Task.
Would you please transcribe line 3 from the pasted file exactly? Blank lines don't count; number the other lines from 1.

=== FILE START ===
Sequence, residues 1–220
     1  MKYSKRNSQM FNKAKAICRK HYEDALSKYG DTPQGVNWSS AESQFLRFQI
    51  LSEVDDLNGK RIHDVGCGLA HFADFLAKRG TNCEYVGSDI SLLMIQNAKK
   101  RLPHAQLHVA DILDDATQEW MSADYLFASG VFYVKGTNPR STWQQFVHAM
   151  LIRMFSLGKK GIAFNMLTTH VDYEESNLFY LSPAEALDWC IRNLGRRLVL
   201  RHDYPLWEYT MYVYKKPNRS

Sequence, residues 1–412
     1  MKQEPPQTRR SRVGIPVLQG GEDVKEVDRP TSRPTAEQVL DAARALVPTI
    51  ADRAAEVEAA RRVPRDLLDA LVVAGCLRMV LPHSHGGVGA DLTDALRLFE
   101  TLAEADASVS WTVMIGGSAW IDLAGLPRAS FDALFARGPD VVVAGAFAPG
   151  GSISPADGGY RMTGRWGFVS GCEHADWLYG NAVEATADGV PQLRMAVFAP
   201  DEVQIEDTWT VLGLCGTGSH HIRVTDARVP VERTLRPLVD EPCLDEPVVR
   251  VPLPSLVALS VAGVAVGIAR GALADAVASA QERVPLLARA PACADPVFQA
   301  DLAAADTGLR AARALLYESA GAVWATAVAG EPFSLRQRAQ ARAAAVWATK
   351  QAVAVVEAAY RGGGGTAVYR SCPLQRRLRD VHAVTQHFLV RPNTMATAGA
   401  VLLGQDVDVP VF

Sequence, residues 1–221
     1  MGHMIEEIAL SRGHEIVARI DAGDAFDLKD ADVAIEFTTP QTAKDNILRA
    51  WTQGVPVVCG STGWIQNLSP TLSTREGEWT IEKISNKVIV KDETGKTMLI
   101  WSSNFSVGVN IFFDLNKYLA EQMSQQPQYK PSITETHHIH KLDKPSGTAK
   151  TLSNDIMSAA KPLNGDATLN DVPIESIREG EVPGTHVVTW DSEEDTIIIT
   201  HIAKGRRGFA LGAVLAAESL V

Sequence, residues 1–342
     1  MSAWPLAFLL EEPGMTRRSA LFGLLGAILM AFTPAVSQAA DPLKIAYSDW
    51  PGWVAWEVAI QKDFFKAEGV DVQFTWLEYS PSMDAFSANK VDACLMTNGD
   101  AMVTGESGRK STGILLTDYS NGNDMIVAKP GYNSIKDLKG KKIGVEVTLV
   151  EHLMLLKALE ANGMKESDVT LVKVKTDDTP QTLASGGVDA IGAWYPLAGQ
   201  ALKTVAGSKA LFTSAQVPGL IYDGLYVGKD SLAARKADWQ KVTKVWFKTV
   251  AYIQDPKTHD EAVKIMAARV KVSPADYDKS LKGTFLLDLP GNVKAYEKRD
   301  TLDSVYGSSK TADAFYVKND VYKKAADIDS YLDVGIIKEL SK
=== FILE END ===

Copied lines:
    51  LSEVDDLNGK RIHDVGCGLA HFADFLAKRG TNCEYVGSDI SLLMIQNAKK